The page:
That extra hour of sleep may add a little bit of spring in your step when coming off of Daylight Saving Time, but it has a decidedly different impact from what you may expect. Changing your body clock is never as simple as dialing the numbers on the clock back or forward an hour once a year.
Bright light therapy, also known as phototherapy, is a helpful way to treat the winter blues, otherwise known as seasonal affective disorder (SAD), as well as some sleep disorders. SAD is a form of depression, occurring in the fall and winter months, when the amount of daylight and sunshine is reduced.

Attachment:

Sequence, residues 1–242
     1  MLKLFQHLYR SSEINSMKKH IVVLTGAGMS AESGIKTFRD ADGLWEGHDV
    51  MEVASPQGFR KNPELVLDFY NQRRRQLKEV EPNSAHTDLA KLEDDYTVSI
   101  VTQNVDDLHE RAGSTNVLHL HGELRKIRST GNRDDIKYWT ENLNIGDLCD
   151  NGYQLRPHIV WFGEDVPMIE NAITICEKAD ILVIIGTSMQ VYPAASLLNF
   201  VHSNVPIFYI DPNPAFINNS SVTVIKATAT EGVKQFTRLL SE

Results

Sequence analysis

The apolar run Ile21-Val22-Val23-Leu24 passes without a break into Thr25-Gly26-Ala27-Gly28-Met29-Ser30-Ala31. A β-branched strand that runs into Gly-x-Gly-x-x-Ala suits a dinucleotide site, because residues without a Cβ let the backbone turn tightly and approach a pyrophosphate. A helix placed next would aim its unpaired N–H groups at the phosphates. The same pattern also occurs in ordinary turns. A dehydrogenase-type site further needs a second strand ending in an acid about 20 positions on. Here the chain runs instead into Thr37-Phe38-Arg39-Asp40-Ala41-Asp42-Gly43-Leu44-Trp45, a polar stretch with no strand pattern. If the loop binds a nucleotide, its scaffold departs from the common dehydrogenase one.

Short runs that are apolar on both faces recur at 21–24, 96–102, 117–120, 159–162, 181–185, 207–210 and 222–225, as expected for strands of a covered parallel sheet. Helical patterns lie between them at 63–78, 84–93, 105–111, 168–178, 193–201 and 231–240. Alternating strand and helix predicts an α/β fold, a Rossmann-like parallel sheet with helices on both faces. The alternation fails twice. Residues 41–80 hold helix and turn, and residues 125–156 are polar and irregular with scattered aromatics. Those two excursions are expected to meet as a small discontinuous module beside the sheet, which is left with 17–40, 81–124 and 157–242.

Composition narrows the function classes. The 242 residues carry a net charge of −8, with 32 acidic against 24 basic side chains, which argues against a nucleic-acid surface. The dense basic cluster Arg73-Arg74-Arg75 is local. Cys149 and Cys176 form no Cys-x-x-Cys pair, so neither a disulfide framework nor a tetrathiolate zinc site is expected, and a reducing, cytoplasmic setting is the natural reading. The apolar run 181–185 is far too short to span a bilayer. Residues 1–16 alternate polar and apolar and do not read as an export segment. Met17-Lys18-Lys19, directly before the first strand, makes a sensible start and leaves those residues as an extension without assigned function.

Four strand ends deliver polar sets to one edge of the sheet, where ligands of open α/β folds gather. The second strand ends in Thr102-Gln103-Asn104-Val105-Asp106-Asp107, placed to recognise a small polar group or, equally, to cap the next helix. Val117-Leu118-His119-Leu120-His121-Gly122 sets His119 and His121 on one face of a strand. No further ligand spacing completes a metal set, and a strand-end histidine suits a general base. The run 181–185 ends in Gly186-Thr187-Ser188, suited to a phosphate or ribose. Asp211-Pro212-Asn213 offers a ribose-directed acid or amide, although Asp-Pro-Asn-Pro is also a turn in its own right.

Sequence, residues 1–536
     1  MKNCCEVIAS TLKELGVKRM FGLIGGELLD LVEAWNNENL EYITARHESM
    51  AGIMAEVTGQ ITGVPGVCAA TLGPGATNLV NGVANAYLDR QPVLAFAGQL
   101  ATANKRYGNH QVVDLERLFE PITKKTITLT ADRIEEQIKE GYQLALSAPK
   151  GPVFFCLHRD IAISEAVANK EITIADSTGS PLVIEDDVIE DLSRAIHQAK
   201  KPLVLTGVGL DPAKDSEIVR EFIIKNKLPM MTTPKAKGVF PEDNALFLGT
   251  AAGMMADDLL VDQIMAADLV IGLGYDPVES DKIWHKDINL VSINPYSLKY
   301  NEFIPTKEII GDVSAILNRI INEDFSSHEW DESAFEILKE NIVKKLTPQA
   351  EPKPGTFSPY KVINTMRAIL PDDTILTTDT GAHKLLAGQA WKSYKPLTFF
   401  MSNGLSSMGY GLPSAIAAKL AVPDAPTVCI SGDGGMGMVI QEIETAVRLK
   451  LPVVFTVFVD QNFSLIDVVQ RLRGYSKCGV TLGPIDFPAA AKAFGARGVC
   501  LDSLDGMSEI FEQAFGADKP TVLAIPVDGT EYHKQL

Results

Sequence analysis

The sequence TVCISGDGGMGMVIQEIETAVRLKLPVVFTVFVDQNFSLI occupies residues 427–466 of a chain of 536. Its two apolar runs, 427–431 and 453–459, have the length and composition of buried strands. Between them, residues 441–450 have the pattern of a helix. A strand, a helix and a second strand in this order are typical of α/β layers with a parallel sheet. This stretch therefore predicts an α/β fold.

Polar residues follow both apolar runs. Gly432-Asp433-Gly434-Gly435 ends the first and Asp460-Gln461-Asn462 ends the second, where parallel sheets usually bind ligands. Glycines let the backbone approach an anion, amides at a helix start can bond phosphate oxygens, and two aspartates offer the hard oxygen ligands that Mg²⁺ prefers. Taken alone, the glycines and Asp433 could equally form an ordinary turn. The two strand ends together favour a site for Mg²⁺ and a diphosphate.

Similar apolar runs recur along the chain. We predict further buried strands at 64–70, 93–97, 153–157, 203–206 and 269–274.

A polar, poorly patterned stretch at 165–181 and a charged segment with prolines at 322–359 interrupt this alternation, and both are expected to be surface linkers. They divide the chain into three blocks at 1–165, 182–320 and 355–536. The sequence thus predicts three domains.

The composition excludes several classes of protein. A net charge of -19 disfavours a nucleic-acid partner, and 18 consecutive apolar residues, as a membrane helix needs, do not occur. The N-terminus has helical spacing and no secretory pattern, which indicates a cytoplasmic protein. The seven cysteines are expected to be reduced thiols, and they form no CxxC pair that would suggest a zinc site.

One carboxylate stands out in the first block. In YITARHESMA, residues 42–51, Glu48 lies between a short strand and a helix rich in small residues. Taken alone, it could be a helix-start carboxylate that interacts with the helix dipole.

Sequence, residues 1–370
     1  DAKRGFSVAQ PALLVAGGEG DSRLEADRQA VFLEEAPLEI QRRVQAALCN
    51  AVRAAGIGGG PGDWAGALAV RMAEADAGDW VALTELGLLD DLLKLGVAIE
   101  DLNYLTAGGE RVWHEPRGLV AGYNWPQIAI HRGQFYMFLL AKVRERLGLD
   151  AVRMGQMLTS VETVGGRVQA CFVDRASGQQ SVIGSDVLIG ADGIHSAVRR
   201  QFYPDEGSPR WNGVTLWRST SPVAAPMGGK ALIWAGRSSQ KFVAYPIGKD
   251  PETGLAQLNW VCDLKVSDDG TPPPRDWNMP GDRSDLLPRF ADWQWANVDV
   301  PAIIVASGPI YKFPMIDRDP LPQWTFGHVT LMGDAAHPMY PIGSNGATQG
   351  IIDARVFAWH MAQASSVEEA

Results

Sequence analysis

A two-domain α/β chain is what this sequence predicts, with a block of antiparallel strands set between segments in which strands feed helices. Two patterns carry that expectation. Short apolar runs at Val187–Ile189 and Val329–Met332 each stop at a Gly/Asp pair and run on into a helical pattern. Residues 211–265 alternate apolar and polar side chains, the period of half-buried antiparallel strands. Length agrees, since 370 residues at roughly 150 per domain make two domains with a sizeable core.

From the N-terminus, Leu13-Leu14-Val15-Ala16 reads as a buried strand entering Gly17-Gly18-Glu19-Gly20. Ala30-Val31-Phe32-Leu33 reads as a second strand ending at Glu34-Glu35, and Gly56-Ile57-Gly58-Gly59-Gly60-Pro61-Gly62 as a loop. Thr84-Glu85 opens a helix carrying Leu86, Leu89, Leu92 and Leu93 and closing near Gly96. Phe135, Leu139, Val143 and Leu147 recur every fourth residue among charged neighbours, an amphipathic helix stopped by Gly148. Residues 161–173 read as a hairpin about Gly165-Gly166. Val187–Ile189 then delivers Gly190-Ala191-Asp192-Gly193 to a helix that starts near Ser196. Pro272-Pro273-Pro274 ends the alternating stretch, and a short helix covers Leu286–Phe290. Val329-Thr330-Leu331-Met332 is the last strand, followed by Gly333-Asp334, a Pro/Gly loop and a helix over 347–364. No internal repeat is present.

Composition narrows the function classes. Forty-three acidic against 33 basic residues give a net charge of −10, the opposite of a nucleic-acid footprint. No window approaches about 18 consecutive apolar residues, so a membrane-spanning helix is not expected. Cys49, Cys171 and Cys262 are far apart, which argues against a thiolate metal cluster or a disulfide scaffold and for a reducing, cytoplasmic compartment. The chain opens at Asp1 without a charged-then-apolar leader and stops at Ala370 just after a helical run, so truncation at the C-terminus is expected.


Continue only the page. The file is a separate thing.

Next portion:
I live in New York and right now, the days are abysmally short. It starts getting dark around 4 PM, and that’s about when I start feeling blue. It’s hard to stay upbeat when the weather is so cold and so much of your life is spent under artificial lights. I can only imagine what it must be like in Alaska! Seasonal Affective Disorder runs rampant through the population during the northeast’s winter. In some people, it’s a mild feeling of dysphoria, just feeling down in the dumps. This is called sub-clinical SAD. In others, it’s a full-blown depression—the kind where you can’t get out of bed and can’t find pleasure in normal everyday activities. Severe SAD can be debilitating. Of course, like with most emotional disorders, sleep plays an important role—perhaps more than most in this case, since daylight is so closely linked to circadian rhythms. There’s a spring/summer version of SAD too, characterized by anxiety and restlessness, but we’ll be focusing on the winter variety here.